Website  |  Facebook  |  Twitter  |  Goodreads  

Friday, August 14, 2015



The national bestselling author of The Wedding Soup Murder returns to the Jersey Shore where a killer is stirring up trouble during a hurricane . . . 

At the Casa Lido, the end of summer means a party, and hit whodunit writer Victoria “Vic” Rienzi and her family are cooking like crazy for the restaurant’s seventieth anniversary celebration. As they chop onions and garlic, old family friend Pete Petrocelli stops by, saying he knows something that would make for a good mystery novel. Curious, Vic asks Nonna to elaborate on Pete’s claim and learns of a relative who mysteriously disappeared back in Italy…

The night of the party brings a crowd—and a full throttle hurricane. When the storm finally passes, everyone thinks they’re in the clear — until the first casualty is found, and it’s Pete. Remembering his visit, Vic isn’t certain Pete’s death was an accident and decides to dig deeper into his story. What she finds is meatier than Nonna’s sauce . . .


Rosie, what's your favorite thing about the writing process?
When characters “talk” in my head.

How long is your to-be-read list?

It’s a big stack!

What books do you currently have published?
Three Italian Kitchen Mysteries: Murder and Marinara, The Wedding Soup Murder, A Dish Best Served Cold

How long have you been a writer?

I have been a writer my whole life — journals, stories, bad poetry and a couple of unpublished manuscripts. But I’ve only been a published author for three years.

You have a day job . . . how do you find time to write?

I am a teacher, so I use my summers to write.

If you could only watch one television station for a year, what would it be?

Duh. PBS.

For what would you like to be remembered?

Being a published author is amazing and a dream come true, but I’d rather be remembered for two really important jobs — teaching and mothering.

What five things would you never want to live without? 

Books, cheap chardonnay, cool shoes, my collection of costume dramas on DVD, and fresh pasta. (God, I’m shallow.)

If you had a swear jar, would it be full?
Next question, please!

Are you an introvert or an extrovert?

An introvert masquerading as an extrovert.

Do you spend more on clothes or food?

Clothes, followed by shoes, are my weakness.

What's your favorite treat for movie night?
Brownies straight from the oven.

Oh yeah, I'm in total agreement. What choices in life would you like to have a redo on?
My 80s perm and a few questionable boyfriends.

What’s one of your favorite quotes?

“It’s never too late to be who you might have been,” said by George Elliot.

What would your main character say about you?
“Rosie, quit messing around and give me a real love life. Or at least a nice little dog.”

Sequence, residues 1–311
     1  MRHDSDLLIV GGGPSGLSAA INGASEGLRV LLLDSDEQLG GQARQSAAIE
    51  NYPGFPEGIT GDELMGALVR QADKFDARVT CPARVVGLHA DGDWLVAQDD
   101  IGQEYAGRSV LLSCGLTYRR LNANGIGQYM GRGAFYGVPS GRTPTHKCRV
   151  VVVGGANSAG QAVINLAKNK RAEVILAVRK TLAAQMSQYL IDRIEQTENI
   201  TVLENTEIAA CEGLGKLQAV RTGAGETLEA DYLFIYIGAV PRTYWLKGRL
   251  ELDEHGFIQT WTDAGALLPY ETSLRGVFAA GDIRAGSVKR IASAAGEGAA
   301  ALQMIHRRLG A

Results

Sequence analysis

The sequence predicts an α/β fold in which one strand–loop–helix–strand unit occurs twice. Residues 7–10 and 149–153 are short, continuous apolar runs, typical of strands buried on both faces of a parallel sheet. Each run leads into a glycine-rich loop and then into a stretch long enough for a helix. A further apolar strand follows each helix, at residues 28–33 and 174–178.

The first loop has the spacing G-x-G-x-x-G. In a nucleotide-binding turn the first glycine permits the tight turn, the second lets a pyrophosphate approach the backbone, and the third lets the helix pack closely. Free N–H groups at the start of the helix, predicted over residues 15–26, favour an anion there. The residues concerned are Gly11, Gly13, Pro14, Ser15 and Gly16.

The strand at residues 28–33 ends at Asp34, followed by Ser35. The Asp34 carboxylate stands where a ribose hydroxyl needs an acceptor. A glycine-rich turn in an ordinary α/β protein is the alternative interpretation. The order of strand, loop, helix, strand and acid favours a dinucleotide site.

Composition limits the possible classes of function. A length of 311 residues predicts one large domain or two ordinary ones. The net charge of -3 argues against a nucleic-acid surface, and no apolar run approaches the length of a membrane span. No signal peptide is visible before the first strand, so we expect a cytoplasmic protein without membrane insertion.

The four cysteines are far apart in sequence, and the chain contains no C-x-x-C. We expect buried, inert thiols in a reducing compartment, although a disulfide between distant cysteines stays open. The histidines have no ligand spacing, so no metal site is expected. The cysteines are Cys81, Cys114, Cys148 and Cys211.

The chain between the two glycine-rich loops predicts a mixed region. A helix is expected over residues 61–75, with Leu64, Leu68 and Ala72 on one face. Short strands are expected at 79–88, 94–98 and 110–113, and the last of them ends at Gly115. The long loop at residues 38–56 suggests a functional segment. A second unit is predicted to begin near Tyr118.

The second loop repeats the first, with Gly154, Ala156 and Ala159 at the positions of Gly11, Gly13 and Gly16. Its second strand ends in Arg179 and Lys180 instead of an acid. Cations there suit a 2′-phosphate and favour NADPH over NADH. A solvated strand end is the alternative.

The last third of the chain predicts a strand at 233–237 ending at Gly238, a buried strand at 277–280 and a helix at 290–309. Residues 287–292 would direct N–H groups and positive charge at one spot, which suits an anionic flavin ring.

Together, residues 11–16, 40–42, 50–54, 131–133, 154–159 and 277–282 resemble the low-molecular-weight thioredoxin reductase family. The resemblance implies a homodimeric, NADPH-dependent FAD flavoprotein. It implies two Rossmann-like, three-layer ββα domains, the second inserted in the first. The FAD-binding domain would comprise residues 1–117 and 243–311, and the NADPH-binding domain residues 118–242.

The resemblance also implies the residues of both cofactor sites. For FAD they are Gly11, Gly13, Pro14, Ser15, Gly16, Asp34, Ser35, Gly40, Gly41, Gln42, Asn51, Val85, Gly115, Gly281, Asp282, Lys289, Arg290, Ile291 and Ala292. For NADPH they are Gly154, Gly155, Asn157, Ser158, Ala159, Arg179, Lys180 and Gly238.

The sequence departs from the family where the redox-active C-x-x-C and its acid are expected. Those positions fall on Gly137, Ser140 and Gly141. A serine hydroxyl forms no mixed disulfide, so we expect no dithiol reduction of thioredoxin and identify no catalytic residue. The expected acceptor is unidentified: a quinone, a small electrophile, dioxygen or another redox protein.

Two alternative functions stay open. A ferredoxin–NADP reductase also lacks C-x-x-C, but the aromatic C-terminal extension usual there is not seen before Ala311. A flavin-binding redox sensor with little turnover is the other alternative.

What’s the hardest thing you’ve ever had to write?
A eulogy for my great Aunt Marie, a wonderful and inspiring lady.

Where is your favorite library, and what do you love about it?

There’s the most wonderful library in Spring Lake, along the Jersey shore. I spent time there working on my first Kitchen Mystery. It looks like something out of Harry Potter. It has a big fireplace, leaded windows, and beautiful old wood work. I’d like to move in!

You can be any fictional character for one day. Who would you be?
Elizabeth Bennet in the moment that Darcy proposes. But I’d say yes and then we’d lose half the book!

What’s the worst thing someone has said about your writing? How did you deal with it?
Oh, gosh, someone on Amazon or Goodreads called it “a waste of paper.” It was my first book, Murder and Marinara, and had taken me a year to write. But in the immortal words of Taylor Swift, “haters gonna hate.” So I took her advice and I shook it off!

My favorite line is "You can be the ripest, juiciest peach in the world and there will still be people who don't like peaches." Who would you invite to a dinner party if you could invite anyone in the world?
Jane Austen, the Bronte sisters, George Eliot and Virginia Woolf.  And I’d just sit back and listen!

What is your favorite movie?

Sleepless in Seattle. Sigh.

Do you have a favorite book?
Pride and Prejudice and Persuasion keeping duking it out for the number one spot.

Do you sweat the small stuff?

All. The. Time. But I’m working on it.

If you had to choose a cliche about life, what would it be?

“Life is long.” But I would add, “if we’re lucky.”

Lightning round:

Cake or frosting? I know I should be ashamed of myself — frosting!
Laptop or desktop? Laptop all the way.
Chevy Chase or Bill Murray? Jon Stewart. No offense, gentlemen.
Emailing or texting? Email.
Indoors or outdoors? Depends on the season.
Tea: sweet or unsweet?  Iced and sweet, courtesy of stevia! (But no day starts without coffee.)
Plane, train, or automobile?  Train travel — romantic, old school, and safe.


A Jersey girl born and bred, national bestselling author Rosie Genova left her heart at the shore, which serves as the setting for much of her work. Her series, the Italian Kitchen Mysteries, is informed by her appreciation for good food and her love of classic mysteries from Nancy Drew to Miss Marple. Her debut novel, Murder and Marinara, was named a 2013 Best Pick by Suspense Magazine and was a finalist for a 2014 Daphne Award. Her current release is Book 3 in the series, A Dish Best Served Cold. Rosie still lives in her home state with her husband and the youngest of her three Jersey boys.

Connect with Rosie:
Website  | Blog  | Facebook  |  

Wednesday, August 12, 2015



Beacon news reporter Lindsey Fox is on the verge of breaking a huge story of political corruption that will make her career and make her famous journalist parents proud — or she could be thrown in jail and fired. It really could go either way.